How technology can support filling teaching vacancies

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Teachers, administrators, students and parents have been completely exhausted by the Covid-19 pandemic and its impact on classrooms and schools around the country. In a devastated industry that barely took the brunt of the pre-pandemic, vulnerabilities have been exposed, and many educators have decided that the only viable option is to get out of the classroom, and in some cases out of education altogether.

With no end in sight, this current mass exodus and teacher shortage promises to be a pivotal moment in the education industry, and we must face the dire reality: We must change the system to support both teachers and students.

Related: How education is changing the world and technology is changing education

The problems

From June 2022, The Wall Street Journal‘s Kathryn Dill reported that “About 300,000 public school teachers and other employees left the field between February 2020 and May 2022, a nearly 3% decline in that workforce, according to Bureau of Labor Statistics data.”

With the upcoming school year fast approaching and reports such as the recent National Education Association survey conducted this year finding that 55% of teachers said they would leave education sooner than planned – a statistic that is now up from 37% in August of last year – the education sector is desperate to fill vacancies and welcome students back this autumn without having to resort to temporary staffing (another subgroup also experiencing massive shortages).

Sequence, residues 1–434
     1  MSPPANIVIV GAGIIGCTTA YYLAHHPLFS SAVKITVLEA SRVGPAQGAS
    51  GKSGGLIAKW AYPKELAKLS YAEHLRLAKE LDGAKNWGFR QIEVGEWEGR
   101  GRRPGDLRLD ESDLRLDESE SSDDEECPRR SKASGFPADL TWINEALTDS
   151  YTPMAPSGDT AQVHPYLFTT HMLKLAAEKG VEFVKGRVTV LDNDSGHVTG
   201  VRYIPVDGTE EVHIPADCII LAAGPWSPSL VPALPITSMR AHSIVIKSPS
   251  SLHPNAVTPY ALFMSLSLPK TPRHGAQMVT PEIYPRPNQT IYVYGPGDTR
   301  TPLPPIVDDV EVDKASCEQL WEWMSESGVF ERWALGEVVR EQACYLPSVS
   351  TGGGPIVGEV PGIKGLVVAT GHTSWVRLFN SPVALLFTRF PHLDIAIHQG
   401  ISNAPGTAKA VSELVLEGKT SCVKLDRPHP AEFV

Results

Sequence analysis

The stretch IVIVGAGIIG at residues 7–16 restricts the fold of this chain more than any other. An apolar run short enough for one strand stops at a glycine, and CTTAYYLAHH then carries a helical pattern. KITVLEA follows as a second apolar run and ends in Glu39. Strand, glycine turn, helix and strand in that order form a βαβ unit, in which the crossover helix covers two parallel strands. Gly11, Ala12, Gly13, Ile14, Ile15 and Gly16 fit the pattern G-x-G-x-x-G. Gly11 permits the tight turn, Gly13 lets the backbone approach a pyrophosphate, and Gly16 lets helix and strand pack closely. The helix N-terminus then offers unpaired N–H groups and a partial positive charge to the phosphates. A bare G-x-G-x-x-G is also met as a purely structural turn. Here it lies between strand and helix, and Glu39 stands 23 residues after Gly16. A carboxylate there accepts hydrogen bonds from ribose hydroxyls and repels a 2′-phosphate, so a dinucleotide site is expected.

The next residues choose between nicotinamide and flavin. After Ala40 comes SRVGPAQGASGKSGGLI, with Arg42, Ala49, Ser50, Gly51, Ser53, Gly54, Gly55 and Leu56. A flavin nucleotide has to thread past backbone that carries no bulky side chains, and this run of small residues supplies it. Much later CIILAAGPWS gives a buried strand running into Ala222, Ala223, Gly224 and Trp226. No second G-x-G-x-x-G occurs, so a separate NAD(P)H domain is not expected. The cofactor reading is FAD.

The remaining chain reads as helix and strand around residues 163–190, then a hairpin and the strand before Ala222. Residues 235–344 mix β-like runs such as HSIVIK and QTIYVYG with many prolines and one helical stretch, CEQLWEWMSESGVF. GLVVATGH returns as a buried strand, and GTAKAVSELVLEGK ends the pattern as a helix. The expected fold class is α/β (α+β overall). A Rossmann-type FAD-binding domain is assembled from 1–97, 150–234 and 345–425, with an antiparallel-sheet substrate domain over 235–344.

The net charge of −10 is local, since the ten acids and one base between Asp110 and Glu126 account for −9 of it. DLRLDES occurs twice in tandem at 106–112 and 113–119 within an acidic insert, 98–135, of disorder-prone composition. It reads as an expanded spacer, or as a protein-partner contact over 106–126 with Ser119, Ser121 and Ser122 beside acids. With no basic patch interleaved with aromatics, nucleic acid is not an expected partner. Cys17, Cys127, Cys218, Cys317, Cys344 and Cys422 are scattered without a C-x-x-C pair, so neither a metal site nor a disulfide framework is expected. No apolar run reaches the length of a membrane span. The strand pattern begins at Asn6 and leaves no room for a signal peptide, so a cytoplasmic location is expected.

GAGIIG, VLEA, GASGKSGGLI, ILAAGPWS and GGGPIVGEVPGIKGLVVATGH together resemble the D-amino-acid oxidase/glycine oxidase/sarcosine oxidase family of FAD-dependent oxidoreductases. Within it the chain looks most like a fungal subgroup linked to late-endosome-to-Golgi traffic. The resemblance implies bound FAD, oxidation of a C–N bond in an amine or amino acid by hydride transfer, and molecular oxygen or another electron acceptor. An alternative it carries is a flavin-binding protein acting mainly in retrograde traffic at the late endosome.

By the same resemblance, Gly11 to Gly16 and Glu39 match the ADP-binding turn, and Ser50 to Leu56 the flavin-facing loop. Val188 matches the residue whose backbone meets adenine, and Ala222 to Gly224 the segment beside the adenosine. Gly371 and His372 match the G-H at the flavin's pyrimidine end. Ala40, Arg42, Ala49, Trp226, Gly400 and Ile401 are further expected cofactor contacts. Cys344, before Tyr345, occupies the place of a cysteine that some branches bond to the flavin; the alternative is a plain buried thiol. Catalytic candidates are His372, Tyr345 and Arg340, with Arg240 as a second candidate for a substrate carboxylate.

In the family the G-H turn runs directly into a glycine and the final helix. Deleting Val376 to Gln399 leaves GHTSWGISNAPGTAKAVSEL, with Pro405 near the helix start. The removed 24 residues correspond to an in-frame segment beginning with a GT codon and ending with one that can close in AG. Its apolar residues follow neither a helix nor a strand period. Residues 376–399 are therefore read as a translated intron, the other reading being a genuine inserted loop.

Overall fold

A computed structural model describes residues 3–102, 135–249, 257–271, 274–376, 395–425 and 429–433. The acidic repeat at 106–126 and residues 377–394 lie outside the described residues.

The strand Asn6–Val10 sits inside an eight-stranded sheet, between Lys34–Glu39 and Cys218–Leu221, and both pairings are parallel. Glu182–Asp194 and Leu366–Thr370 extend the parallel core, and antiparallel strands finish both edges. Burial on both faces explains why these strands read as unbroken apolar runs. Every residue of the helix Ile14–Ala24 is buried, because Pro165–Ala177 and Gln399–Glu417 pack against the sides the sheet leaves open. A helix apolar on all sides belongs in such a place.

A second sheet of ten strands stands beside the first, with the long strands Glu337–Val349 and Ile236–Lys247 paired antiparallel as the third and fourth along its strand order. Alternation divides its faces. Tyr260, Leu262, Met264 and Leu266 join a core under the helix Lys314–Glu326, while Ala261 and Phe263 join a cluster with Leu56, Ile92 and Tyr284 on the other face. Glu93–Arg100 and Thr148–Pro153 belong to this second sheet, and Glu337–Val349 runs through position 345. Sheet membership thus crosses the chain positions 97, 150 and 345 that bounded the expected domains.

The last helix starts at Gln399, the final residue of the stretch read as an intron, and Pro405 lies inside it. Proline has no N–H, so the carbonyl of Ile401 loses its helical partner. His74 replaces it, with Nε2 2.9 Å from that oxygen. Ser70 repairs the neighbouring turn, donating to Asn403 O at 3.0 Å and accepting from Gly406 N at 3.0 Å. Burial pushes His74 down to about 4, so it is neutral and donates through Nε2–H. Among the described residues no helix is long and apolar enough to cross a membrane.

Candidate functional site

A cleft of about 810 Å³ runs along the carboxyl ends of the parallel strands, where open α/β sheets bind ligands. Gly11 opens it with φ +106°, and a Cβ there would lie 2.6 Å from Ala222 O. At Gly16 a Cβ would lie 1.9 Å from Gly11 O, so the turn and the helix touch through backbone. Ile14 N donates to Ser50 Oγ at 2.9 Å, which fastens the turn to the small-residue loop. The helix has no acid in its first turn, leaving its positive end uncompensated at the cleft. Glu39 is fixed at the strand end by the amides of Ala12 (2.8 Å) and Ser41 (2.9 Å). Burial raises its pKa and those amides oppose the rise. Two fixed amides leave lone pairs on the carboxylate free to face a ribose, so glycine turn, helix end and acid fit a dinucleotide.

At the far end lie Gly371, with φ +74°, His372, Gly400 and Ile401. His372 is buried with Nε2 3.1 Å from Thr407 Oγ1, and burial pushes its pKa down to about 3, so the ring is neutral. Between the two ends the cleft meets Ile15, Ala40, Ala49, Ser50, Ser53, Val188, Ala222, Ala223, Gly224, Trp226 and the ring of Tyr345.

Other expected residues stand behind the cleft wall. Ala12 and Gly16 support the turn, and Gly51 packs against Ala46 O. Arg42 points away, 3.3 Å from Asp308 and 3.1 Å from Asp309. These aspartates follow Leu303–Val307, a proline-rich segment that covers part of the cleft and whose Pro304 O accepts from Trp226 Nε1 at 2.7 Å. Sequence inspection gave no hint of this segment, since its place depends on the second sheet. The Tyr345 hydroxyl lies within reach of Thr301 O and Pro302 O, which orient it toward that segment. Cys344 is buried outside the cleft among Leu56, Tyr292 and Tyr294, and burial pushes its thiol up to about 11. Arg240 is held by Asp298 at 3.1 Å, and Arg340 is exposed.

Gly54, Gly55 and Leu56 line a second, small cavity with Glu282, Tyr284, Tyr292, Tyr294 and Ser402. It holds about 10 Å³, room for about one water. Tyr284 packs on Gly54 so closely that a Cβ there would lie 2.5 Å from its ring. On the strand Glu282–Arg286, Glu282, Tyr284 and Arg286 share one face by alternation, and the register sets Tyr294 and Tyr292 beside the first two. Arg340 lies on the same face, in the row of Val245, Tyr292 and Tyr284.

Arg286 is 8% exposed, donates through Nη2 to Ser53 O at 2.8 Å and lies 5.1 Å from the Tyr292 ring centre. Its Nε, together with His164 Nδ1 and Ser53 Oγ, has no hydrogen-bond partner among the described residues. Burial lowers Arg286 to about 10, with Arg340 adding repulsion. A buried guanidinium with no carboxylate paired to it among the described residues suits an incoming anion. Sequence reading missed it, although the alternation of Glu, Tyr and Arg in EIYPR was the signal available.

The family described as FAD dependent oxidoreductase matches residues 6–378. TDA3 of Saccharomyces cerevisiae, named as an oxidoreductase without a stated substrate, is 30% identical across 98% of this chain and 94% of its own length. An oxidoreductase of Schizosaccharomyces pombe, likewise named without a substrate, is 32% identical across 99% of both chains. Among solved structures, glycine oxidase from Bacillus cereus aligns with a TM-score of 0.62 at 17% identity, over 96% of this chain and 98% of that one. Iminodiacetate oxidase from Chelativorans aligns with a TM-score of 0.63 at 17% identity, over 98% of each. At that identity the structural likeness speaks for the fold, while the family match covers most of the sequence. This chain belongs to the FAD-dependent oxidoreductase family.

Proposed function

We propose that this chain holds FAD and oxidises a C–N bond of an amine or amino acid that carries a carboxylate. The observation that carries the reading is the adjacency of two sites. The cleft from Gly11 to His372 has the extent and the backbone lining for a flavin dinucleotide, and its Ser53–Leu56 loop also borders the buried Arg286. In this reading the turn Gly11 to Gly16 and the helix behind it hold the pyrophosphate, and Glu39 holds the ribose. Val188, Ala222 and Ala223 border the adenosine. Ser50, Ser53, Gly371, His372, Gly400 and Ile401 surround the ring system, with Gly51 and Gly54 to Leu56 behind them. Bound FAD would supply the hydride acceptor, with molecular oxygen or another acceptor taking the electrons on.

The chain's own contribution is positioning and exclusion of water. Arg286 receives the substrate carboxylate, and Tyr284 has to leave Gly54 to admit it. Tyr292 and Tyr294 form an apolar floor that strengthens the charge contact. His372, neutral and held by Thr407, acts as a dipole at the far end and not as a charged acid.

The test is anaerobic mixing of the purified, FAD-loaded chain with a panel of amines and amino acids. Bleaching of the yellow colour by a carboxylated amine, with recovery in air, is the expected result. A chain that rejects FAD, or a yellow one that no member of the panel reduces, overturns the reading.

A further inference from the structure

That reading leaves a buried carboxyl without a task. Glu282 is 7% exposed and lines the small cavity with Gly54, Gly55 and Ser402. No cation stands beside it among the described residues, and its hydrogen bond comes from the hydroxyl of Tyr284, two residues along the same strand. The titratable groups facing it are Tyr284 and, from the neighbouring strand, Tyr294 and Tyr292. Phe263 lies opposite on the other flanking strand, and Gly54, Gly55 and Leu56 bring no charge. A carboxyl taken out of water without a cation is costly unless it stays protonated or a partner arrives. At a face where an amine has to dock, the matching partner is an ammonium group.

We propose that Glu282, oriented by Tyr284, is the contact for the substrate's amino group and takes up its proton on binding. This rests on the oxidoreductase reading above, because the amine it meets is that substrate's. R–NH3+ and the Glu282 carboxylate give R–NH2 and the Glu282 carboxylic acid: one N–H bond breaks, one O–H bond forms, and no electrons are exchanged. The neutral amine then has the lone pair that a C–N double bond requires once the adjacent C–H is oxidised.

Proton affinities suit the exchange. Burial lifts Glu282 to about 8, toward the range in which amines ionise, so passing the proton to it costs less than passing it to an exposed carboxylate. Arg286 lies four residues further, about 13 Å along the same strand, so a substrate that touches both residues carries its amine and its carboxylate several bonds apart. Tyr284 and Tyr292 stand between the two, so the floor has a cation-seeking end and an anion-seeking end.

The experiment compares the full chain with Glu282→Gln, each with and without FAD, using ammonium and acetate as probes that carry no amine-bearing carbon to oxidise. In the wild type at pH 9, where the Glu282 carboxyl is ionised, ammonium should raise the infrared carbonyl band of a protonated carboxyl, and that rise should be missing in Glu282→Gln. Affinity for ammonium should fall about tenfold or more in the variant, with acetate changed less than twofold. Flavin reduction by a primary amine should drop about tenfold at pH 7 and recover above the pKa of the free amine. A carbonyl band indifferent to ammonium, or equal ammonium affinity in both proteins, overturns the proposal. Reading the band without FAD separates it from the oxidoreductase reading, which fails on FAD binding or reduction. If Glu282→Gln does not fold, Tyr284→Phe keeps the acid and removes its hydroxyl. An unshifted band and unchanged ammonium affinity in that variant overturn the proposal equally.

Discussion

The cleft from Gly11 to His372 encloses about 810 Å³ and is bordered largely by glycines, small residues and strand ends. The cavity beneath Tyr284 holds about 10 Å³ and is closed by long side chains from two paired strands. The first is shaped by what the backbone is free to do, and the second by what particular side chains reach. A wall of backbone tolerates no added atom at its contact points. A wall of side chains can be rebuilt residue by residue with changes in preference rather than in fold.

Every unfilled position in the school means that students are not getting a high-quality education, which has a resounding effect on results for years to come. Research has shown that teacher absences have serious consequences for students. When schools and districts struggle to fill core courses such as math and English classes, the standard deviation in test scores and learning achievement, respectively, decreases.

A recent article by Desiree Carver-Thomas for the Learning Policy Institute pointed out “teacher shortages can significantly reduce student achievement, as schools often cancel courses due to vacancies or staff classes with substitute and underprepared teachers who are not certified to teach their subject matter.” .”

Some states like California and Connecticut have responded to shortages by reducing the qualifications and certifications to enter the classroom, but this undermines students’ opportunities to learn from expert teachers — especially affecting students of color and those in economically disadvantaged areas.

Bodies in the building with students do not equate successful learning or long-term educational solutions. According to the research, “beginner or unprepared teachers tend to leave their schools at 2 to 3 times the rate of those who enter with extensive preparation.” As a result, this creates instability for both students and teachers.

The answer isn’t going to be to lower the roster and recruit someone willing to take on the role. The truth is that we are racing against the clock to solve the teacher shortage for the future of our students as school and district vacancies reach record levels. Nonetheless, despite another school year of major losses and opportunities, administrators and districts still have options.